Info Caution Stop!

FlightRisk also enables pilots to rate hazards and report conditions associated with each phase of flight, learning from one another's experiences, sharing knowledge, and improving the ADM process. Set up a free account and try it out today at www.flightrisk.com!



Recreational Aviation Foundation


Think Global Flight


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In our Jan/Feb 2013 issue, we addressed risk management and aeronautical decision making. Aviation safety is a topic that deserves no shortage of attention. We all want to fly safely; yet NTSB records reveal the same stubborn problems each year.

While it’s true some aircraft accidents are caused by mechanical failures, pilot incapacitation, and the ever-mysterious “unknown causes,” the AOPA Air Safety Institute’s “Joseph T. Nall Report” reveals that nearly three-quarters of accidents are “pilot-related.” The report points out that most of these pilot-related accidents are the result of specific failures of flight-planning, decision making, or the typical hazards one encounters in the high-risk phases of flight, such as taking off, landing, low-level maneuvering, descent, and approach. It goes on to explain that fuel mismanagement and weather-related accidents generally give pilots advance warning and so “…can be considered failures of advanced planning or in-flight decision-making. Takeoff and landing accidents…tend to happen very quickly, focusing attention on the pilot’s airmanship (though the decision-making that leads airmanship to be tested can usually be called into question).”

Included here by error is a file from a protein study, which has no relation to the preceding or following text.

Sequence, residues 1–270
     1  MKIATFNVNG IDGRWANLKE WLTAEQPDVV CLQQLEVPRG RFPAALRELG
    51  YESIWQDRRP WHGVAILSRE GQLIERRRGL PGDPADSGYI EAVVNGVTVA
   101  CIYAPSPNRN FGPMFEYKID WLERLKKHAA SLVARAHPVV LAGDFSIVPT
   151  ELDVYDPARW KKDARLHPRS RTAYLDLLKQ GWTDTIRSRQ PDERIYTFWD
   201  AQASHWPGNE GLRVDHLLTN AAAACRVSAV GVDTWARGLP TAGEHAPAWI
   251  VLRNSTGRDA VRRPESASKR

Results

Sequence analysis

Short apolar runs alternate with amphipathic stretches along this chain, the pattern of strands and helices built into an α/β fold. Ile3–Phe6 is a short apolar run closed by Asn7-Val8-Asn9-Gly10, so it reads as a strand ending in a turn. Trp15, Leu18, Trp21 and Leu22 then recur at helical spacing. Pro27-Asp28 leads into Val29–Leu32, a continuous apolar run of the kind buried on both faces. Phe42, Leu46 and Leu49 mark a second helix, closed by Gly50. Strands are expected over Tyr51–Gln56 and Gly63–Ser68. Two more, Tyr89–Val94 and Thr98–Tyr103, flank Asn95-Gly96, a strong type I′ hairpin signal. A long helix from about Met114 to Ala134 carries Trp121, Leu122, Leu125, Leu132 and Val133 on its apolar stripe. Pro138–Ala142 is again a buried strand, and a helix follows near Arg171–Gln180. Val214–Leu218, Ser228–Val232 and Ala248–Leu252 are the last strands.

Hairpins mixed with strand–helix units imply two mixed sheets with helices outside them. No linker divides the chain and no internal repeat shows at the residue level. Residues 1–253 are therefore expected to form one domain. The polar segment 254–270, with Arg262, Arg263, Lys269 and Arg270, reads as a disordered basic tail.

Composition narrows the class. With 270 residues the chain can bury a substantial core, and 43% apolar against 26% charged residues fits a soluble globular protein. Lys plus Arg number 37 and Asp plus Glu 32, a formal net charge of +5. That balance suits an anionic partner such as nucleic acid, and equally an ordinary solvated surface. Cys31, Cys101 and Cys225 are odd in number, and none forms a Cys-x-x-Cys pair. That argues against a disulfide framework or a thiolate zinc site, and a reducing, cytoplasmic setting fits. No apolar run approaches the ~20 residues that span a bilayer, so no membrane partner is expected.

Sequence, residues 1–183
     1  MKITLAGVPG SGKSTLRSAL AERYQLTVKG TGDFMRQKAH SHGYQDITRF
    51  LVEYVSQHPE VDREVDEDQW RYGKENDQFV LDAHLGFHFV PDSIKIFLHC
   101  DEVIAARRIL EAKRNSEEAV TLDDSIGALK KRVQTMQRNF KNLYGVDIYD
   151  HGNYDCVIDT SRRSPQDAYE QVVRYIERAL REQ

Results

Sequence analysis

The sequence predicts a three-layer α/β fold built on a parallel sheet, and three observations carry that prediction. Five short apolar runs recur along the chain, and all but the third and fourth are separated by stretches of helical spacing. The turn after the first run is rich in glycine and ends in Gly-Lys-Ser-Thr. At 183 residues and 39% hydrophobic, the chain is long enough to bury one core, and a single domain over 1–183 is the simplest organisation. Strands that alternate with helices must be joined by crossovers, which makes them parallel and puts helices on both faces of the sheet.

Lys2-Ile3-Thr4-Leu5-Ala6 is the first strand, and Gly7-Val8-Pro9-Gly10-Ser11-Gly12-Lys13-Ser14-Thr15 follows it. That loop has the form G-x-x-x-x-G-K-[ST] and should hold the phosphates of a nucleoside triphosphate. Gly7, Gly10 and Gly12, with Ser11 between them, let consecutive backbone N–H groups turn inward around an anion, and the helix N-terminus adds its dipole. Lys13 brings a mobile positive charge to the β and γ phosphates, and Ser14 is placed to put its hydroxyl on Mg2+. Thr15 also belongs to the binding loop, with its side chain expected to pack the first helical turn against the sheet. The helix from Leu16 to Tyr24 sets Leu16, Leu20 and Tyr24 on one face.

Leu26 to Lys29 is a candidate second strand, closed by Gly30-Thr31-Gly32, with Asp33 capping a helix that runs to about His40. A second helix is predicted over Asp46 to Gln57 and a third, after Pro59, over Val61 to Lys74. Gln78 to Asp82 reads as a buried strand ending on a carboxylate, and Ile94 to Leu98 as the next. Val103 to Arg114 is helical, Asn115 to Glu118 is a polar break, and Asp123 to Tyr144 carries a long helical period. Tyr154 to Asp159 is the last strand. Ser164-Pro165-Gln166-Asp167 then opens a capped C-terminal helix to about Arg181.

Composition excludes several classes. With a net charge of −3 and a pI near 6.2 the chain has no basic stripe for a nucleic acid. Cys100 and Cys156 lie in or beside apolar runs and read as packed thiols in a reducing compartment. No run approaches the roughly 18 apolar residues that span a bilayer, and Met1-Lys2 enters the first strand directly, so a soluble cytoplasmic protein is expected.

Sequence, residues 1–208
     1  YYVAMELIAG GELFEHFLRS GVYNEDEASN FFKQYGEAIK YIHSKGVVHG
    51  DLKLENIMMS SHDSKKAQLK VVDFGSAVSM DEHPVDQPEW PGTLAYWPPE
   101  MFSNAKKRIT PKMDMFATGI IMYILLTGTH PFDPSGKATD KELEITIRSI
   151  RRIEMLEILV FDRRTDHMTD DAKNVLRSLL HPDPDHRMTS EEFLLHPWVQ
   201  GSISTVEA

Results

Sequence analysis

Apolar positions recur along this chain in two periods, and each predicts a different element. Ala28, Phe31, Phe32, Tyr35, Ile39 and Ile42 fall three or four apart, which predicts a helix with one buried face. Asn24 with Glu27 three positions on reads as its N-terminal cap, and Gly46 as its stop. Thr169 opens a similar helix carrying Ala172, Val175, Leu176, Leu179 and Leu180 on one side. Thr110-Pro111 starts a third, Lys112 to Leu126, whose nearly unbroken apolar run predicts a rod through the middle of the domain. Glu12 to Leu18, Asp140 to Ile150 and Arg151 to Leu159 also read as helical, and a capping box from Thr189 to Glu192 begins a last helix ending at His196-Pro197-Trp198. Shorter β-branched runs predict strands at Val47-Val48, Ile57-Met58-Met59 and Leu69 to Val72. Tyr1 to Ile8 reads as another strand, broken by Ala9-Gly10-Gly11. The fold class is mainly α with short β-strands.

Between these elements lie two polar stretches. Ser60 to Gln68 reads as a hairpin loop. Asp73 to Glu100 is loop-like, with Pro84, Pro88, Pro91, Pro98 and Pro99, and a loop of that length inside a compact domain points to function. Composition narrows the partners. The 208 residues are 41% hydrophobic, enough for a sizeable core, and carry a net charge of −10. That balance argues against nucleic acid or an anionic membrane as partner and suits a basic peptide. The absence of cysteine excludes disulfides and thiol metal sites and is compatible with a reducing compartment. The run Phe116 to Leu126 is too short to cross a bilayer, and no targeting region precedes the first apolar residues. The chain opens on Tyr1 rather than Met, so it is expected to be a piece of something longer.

What can you do to reduce the stubbornly high, non-commercial GA accident rate?

(read the full article)
Think Global Flight

This international in-flight effort will cultivate and promote a greater awareness of and interest in STEM (Science, Technology, Engineering, Mathematics) education, as well as the boundless global opportunities in aviation and aerospace industries, by way of an around-the-world flight of adventure taking off in April of 2014. Think Global Flight also maintains a focus on environmental responsibility and green technology.

Interested students are connected in home schools, through after school and youth programs, and in flight schools through virtual venues, called Student Command Centers (SCCs). Students research, analyze, and report data related to the Think Global Flight and its carbon footprint throughout the endeavor, working together to help provide the technical support required for the flight crew to circumnavigate the world.

Join Think Global Flight’s around the world flight of adventure, promoting education and inspiring students for as little as $25. Your tax-deductible donation will go directly toward fuel for the flight. You can even choose your favorite route adding your name, your child’s name, or a company name to it: www.ThinkGlobalFlight.org.
Think Global Flight
Look for the new Reader Getaway and our Reader Poll in the next issue of eFlightPlan...